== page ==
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Fascinating True Stories from the Flip Side of History

Hitchhiking Father and Son Reunited

 

It was reported on February 8, 1962 that Lubbock, Texas salesman J.E. Ferguson stopped to pick up an elderly man who was hitchhiking on the northern outskirts of Seminole, Texas.

“It was a cold day, and I picked him up.” The man told Ferguson that his name was Wilkins, that he grew up in Coleman County, and that he was in his seventies. He dropped him off about forty-miles (65 km) away at a traffic light in Brownfield.

Brownfield is southwest of Lubbock, Texas.
Brownfield is southwest of Lubbock, Texas.

As he approached the last traffic light in Brownfield, he spotted another hitchhiker. “He was in shirt sleeves and shivering, so I picked him up.”

The new rider was about 40-years in age and said that his name was also Wilkins, which caused Ferguson to do a double-take. He then asked the younger man if he was from Coleman County, which he confirmed was true. After Ferguson described the elder man, the younger Wilkins said that sounded like his dad who he hadn’t seen in 14-years.

Ferguson spun the car around and headed back toward where he had dropped the father off. He stated, “I stopped and they had a reunion right there on the street.” He added, “I don’t usually pick up hitch-hikers, but this time I am glad that I did. They were really happy.”

Twins Hitchhiking Around the World

 

Between January and February of 1959, newspapers across the nation ran stories detailing how 21-year-old twins Ben and Glenn Powell were hitchhiking around the world. In just twelve-weeks the two had made it all the way from Chicago to Buenos Aires.

Glenn said, “We’ve always liked to travel even though we never had much money. So we decided to see the world as cheaply as possible by hitch-hiking,”

Ben added, “We traveled with the people and lived with people all through South America.” He continued, “Everywhere we tried to go quietly and give a good impression. We found that Latin Americans seem to think all Americans have a brand-new car and are rich. Now they have met two that aren’t rich and obviously don’t have a car.”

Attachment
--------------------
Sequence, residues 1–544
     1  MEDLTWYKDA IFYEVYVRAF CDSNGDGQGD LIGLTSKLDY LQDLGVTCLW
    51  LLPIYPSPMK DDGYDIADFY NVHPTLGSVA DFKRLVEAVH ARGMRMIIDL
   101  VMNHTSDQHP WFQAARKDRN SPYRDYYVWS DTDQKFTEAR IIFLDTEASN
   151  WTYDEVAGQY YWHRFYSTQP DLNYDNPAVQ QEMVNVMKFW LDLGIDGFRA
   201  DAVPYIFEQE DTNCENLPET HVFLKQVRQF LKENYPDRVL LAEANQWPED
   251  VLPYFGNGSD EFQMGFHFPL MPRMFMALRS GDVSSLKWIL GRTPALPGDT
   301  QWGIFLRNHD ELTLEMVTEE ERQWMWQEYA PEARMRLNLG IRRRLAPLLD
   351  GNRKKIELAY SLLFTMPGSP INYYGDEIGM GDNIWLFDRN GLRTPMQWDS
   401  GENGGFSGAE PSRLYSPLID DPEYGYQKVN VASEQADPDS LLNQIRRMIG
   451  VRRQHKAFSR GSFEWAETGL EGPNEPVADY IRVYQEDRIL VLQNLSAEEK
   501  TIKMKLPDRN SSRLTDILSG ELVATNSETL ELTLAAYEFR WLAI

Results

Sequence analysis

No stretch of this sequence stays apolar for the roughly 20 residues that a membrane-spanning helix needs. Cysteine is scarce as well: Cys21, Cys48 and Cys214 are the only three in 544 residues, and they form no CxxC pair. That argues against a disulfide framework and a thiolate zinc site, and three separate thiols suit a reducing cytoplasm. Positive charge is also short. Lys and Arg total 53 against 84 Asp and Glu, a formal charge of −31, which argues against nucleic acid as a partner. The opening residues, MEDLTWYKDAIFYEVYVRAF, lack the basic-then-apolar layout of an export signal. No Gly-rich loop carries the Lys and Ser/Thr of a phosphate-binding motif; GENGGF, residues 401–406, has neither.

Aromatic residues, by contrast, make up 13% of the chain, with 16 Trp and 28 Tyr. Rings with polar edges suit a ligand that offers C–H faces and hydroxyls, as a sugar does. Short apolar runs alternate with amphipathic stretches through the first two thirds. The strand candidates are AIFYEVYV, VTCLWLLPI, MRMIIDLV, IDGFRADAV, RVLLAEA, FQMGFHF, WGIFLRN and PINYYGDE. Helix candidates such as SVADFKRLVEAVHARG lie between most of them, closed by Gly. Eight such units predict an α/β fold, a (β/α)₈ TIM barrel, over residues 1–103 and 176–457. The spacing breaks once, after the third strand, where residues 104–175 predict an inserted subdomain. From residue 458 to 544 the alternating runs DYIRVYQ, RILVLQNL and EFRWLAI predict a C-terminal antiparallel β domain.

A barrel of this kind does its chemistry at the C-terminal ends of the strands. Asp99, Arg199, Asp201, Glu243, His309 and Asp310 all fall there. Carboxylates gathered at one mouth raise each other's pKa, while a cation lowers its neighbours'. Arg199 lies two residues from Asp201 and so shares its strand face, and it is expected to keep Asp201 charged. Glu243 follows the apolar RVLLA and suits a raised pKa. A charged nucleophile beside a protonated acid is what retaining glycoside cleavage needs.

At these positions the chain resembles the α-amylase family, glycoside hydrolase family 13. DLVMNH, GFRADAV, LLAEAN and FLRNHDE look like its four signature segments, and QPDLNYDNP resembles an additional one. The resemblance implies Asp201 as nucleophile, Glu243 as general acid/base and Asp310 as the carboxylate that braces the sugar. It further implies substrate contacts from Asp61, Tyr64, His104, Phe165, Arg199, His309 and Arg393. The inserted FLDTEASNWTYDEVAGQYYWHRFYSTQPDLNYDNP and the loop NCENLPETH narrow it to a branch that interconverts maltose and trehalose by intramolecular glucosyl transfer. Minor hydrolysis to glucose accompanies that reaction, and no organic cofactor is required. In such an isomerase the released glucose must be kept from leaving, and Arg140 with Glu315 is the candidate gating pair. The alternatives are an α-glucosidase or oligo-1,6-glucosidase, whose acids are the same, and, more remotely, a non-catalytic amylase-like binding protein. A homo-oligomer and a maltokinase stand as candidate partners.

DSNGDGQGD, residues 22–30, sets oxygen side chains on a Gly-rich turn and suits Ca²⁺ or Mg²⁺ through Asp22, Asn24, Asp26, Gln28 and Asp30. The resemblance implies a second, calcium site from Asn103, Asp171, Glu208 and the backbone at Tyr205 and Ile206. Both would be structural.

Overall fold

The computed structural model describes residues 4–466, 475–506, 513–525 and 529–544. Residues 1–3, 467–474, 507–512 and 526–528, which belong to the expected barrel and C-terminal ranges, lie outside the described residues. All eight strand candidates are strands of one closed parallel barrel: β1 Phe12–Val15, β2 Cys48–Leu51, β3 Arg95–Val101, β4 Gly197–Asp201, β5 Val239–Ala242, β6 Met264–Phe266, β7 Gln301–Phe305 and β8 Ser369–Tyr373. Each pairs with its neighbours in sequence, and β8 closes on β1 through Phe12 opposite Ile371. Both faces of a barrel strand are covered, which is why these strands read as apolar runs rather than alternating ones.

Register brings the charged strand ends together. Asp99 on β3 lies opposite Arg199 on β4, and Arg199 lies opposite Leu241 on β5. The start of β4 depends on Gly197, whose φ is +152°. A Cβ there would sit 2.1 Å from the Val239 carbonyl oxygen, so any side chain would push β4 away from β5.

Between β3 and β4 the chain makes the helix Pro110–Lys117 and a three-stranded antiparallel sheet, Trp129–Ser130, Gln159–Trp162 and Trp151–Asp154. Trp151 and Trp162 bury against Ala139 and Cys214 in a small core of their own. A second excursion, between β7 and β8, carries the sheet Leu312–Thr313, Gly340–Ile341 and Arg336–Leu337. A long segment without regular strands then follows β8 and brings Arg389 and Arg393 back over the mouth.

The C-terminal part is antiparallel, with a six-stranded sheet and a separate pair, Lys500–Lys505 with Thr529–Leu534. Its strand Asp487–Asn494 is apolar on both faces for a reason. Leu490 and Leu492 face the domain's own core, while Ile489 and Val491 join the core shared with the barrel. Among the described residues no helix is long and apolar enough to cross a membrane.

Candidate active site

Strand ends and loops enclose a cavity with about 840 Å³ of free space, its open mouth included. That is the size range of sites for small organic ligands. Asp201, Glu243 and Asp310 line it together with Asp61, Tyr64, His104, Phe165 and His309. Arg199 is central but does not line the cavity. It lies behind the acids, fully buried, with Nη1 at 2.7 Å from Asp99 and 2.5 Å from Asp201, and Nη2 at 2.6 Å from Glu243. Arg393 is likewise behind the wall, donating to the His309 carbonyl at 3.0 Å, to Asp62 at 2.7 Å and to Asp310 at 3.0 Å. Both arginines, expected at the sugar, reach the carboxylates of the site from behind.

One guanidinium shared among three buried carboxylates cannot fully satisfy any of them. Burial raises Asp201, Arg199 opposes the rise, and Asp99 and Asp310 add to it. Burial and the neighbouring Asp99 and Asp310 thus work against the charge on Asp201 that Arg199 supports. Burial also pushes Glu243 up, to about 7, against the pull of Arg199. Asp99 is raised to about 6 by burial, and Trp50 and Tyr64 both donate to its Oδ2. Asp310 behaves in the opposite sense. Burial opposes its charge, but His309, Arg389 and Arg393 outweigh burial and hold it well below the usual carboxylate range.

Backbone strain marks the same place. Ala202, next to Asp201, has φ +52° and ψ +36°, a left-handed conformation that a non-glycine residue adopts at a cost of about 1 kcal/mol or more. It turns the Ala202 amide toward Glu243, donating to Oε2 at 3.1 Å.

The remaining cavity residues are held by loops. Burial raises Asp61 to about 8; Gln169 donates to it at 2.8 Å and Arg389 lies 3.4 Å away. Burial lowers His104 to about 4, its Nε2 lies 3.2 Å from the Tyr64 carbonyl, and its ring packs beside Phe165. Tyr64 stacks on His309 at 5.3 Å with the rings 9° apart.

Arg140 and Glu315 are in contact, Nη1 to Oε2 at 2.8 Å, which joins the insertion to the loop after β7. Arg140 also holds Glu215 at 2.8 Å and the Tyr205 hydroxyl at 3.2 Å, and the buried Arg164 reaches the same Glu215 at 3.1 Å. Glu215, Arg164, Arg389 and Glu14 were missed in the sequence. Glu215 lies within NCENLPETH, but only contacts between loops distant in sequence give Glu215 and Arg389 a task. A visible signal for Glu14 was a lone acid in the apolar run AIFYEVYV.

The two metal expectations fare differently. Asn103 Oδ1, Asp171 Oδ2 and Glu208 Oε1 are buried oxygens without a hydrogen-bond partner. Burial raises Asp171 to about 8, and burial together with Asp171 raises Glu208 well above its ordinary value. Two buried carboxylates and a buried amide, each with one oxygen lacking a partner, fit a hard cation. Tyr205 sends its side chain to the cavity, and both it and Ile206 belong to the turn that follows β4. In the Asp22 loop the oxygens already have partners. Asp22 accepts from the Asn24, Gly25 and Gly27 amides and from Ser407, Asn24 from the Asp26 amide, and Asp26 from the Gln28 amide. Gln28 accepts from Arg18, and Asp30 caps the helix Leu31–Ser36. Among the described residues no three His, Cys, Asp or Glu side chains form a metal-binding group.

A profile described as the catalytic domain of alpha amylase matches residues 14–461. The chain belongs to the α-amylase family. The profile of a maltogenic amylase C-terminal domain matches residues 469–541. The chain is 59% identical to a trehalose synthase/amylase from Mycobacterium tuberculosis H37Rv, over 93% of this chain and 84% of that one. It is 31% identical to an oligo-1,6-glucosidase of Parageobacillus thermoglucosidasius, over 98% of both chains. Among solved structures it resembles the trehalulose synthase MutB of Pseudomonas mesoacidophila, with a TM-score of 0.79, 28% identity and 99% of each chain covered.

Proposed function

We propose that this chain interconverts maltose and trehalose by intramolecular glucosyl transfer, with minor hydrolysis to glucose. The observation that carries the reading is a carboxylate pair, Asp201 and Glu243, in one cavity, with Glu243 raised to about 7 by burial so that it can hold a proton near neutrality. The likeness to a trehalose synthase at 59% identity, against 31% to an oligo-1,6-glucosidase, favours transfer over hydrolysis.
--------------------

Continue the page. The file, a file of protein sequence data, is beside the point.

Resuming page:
The two first thumbed their way to Dallas before crossing into Mexico. Lacking any knowledge of the Spanish language, they tried their best with the help of a Spanish phrasebook. As they traveled, their command of the language improved greatly. Somehow, they hooked up with a Texan who was transporting buses to Guatemala. Since his drivers couldn’t speak English and he couldn’t speak Spanish, the twins were able to step in and act as interpreters. Even if they didn’t speak perfect Spanish, it did get the two to Guatemala.

Occasionally they did have to pay for transportation, such as the time that they paid $2.15 each to fly from San Jose in Costa Rica to Panama. From Panama they hopped a banana boat that nearly sank as they made their way to Colombia. Then it was on to Ecuador, Peru, and Chile.

If you are wondering where they slept and how they obtained food, that was fairly simple. As Methodists, they were able to check in with local pastors wherever they went. In exchange for helping Methodist missionaries, the two were provided with meals and lodging.

Two guys hitchhiking.
Did these two guys ever get where they wanted to go? They should have talked to Ben and Glenn Powell who had great success in their effort to hitchhike around the world. (Wikimedia image.)

Uses Handcuffs to Hitch Rides

 

Everyone knows how dangerous it is to pick up a hitchhiker. Wilson Jennings of Paris, Tennessee may have come up with a possible solution this problem.

An article published by the Associated Press on June 7, 1934 described a unique method that Jennings had conceived of as he hitchhiked from Chicago to California. He stated, “If the idea works, handcuffs will be a big part of every hitchhiker’s equipment.”

That’s not a typo. He really did say handcuffs.

Here’s how it worked:

First, Jennings held up a sign that read, “Don’t be afraid to offer me a ride – you may handcuff me.”

After a motorist stopped to pick him up, the key was given to the driver who had the option of slapping on the cuffs or not. The driver would retain the key for the entire ride.